Our friend Carlton Reid over at BikeBiz.com posted an article about a high-end carbon fibre “commuter bike” (pictured above).
You can put fenders and a rack on a racing bike, but it’s still a racing bike. Lipstick on a pig.
This article has been updated from its original version to add additional commentary.
People may argue that because they commute to work on their racing bike, it’s a commuter bike. People can and do commute to work on their racing bikes. There is nothing wrong with that, and they are indeed “commuters”.
But call a spade a spade. If a bike’s primary purpose is for racing, it’s a racing bike. A road bike with fenders is still a road bike.
A friend of mine once commuted to work on his hockey skates along the Rideau Canal in Ottawa. He was indeed a commuter, and there is nothing wrong with commuting to work on hockey skates.
But I would have chuckled in the same way if I came across an article on the Internet that claimed “Bauer creates high end commuter skates” and displayed a photo of $1,500 hockey skates. Sure, you can use those hockey skates for commuting, but branding them “commuting skates” is misleading.
There seems to be a perception in North America that road bikes, riding gear, and showers are required for distances longer than say 5km. My friends in the Netherlands don’t think twice before hopping on their heavy Dutch bikes and commuting 12km to their office.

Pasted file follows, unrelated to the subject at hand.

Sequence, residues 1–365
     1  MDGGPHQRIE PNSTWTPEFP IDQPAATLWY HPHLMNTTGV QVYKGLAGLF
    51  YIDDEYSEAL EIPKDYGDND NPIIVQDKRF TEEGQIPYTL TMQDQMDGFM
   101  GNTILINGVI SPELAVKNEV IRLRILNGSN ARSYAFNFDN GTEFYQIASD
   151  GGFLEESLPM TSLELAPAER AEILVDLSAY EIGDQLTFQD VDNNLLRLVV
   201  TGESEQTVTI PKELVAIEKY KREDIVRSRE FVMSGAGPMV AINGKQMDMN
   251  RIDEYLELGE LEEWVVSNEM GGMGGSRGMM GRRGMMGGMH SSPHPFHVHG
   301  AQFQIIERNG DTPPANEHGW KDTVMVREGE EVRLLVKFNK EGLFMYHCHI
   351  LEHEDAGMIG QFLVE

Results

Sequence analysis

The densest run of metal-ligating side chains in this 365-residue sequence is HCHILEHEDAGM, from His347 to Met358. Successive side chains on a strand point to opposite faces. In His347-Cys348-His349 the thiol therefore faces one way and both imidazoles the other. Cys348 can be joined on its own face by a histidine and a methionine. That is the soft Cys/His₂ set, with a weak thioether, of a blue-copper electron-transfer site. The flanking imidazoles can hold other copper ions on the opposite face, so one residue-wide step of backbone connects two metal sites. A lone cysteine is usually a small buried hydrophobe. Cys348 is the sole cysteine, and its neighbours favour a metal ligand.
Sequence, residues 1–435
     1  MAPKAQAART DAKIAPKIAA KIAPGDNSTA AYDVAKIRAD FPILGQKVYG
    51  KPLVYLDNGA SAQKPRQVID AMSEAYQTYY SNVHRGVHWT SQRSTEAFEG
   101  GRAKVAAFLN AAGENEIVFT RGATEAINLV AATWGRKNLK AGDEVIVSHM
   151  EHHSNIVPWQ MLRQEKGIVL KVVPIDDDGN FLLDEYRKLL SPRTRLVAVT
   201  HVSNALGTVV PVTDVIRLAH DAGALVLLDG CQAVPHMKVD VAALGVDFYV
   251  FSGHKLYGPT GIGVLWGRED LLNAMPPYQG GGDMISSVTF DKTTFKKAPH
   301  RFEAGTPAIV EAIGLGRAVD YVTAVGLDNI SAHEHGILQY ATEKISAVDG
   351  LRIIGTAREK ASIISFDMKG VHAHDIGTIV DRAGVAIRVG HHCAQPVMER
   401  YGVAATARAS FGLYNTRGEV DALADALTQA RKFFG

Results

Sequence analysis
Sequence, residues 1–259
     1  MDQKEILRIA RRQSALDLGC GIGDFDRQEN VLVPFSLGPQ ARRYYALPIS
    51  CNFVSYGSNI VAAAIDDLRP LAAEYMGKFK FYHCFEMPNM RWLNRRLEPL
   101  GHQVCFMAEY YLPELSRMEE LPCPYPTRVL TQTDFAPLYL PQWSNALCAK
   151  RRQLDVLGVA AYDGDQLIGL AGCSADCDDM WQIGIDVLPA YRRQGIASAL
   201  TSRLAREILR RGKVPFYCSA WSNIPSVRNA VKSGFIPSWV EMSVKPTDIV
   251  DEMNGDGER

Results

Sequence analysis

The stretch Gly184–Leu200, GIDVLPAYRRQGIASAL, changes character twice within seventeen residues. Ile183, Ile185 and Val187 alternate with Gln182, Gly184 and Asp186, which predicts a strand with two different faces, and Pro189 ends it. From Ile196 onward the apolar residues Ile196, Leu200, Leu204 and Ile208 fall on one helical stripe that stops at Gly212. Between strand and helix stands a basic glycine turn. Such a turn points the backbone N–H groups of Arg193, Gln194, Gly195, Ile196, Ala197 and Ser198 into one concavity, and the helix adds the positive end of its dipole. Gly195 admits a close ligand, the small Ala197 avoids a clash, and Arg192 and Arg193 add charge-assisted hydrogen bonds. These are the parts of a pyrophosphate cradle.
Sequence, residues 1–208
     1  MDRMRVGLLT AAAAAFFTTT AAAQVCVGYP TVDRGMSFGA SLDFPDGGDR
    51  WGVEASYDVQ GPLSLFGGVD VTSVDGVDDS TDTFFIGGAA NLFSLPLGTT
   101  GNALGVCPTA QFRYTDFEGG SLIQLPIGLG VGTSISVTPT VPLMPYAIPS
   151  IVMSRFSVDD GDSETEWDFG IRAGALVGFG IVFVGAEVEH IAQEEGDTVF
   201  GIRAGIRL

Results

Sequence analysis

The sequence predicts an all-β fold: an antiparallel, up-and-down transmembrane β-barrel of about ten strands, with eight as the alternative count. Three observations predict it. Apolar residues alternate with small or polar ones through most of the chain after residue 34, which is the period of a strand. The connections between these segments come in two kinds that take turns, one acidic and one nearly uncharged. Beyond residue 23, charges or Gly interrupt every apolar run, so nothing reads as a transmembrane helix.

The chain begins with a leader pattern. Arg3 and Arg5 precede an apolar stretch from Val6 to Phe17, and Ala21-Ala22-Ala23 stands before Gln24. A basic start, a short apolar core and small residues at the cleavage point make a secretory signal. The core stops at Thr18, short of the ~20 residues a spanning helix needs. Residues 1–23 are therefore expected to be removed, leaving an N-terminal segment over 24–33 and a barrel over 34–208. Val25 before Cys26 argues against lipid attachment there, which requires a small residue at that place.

I believe this perception is detrimental to expanding bicycle transportation in North America.
I regularly commute more than 10km on my heavy Batavus Dutch bike, often with steep inclines along the way (my Batavus has 5 speeds). I have also done the 22km trip to the airport on my bakfiets cargo bike many times without issue.
Below are a few photos of utility bicycles that are designed primarily for commuting. Sure, you could race one of these bikes, but I would be reluctant to brand these bikes as “racing bikes”. Heavy Dutch bicycles are fully capable of riding on the road, but I wouldn’t brand them as “road bikes”.
“Commuter bike” in Copenhagen – Photo courtesy of Mikael Colville-Andersen / Copenhagen Cycle Chic – All Rights Reserved
More Articles Like This:
- Urban Bicycling Is For Lazy People (June 2013)
- Bicycles Are For People Who Can’t Be Late (Mar 2013)
- The World Has Changed. So Can You. (April 2011)
- “Bicycling makes me feel like I’m a part of the city instead of feeling apart from the city (June 2013)
- My Ideal World (Sept 2012)